The Hass Avocado Board (HAB) has announced publication of a study that suggests adding one-half of a fresh avocado to a lunch may have helped 26 healthy, overweight people feel more satisfied and reduced their desire to eat following a meal.
The avocado study, which was conducted by researchers at the Loma Linda University and funded by HAB, was published in Nutrition Journal, a monthly peer-reviewed journal that publishes work in the area of human nutrition. The human clinical study is the second in a series of HAB-funded nutrition studies expected to be released over the coming years as a part of HAB’s single-minded nutrition marketing and research strategy.
Researchers found that study participants who added half of a fresh Hass avocado to their lunch reported a significantly decreased desire to eat by 40% over a three-hour period, and by 28% over a five-hour period after the meal, compared to their desire to eat after a standard lunch without avocado. In addition, they reported increased feelings of hunger satisfaction by 26% over the three hours following the meal.
“HAB has found that more and more retailers are communicating health information to customers to help them make smart eating choices,” says Emilano Escobedo, executive director, Hass Avocado Board. “The nutrition research conducted by HAB is an important program that will help retailers accomplish that goal.”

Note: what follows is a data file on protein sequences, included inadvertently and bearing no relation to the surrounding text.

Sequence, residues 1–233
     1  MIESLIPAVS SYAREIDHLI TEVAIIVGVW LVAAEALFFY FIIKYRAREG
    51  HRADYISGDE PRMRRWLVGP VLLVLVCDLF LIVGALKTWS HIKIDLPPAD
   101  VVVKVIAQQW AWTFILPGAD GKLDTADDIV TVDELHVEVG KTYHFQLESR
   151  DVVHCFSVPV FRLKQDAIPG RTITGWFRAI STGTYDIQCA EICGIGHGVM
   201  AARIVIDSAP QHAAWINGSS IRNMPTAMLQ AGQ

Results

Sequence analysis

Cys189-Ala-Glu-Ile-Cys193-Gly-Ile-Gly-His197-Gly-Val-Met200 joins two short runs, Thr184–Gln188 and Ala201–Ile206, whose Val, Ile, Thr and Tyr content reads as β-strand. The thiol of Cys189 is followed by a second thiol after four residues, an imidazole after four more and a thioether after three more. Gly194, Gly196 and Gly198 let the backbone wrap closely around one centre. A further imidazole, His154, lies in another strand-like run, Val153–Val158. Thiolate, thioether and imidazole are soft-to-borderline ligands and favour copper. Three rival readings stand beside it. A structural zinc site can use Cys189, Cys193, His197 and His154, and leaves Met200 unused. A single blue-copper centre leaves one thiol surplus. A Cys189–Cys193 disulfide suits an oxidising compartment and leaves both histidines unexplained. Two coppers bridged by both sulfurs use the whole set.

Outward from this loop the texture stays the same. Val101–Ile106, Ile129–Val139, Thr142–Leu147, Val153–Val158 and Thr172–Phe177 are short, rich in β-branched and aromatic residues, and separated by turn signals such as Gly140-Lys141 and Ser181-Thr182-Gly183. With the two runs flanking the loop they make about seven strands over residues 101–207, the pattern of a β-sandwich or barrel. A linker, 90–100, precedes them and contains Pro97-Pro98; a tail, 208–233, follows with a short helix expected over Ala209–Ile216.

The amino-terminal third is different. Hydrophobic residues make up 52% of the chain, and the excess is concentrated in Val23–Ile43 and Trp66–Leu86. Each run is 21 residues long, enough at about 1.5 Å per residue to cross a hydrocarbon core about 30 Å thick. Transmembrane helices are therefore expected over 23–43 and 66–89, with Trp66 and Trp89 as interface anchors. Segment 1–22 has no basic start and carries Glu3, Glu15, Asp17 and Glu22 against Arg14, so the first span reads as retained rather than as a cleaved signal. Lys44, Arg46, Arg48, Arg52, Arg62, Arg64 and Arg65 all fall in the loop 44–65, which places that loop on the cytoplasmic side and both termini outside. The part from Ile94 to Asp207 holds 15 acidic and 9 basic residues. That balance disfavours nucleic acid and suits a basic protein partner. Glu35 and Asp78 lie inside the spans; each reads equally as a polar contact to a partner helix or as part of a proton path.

“Satiety is an important factor in weight management, because people who feel satisfied are less likely to eat between meals,” says Joan Sabaté, MD, DrPH, Chair of the Department of Nutrition who led the research team at Loma Linda University. “We also noted that though adding Hass avocados increased participants’ calorie and carbohydrate intake at lunch, there was no increase in blood sugar levels beyond what was observed after eating the lunch without avocado. This leads us to believe that Hass avocados potential role in blood sugar management is worth further investigation.”
While the findings were generally positive, more research is needed to determine whether the conclusions drawn from this study can be applied to the general public. However, the results do provide promising clues and a basis for future research to determine Hass avocados’ effect on satiety, glucose and insulin response, say officials at HAB.
“The publication of this study indicates a continued step forward for HAB’s nutrition research program,” says Escobedo. “We are confident that the program will continue to strengthen the positioning of Hass Avocados in the market.”
The research at Loma Linda University is one of several studies supported by HAB as part of a research program established in 2010. Clinical studies are currently underway to investigate the relationship between avocado consumption and risk factors for heart disease, diabetes, support of weight management and healthy living with top researchers and universities in the United States.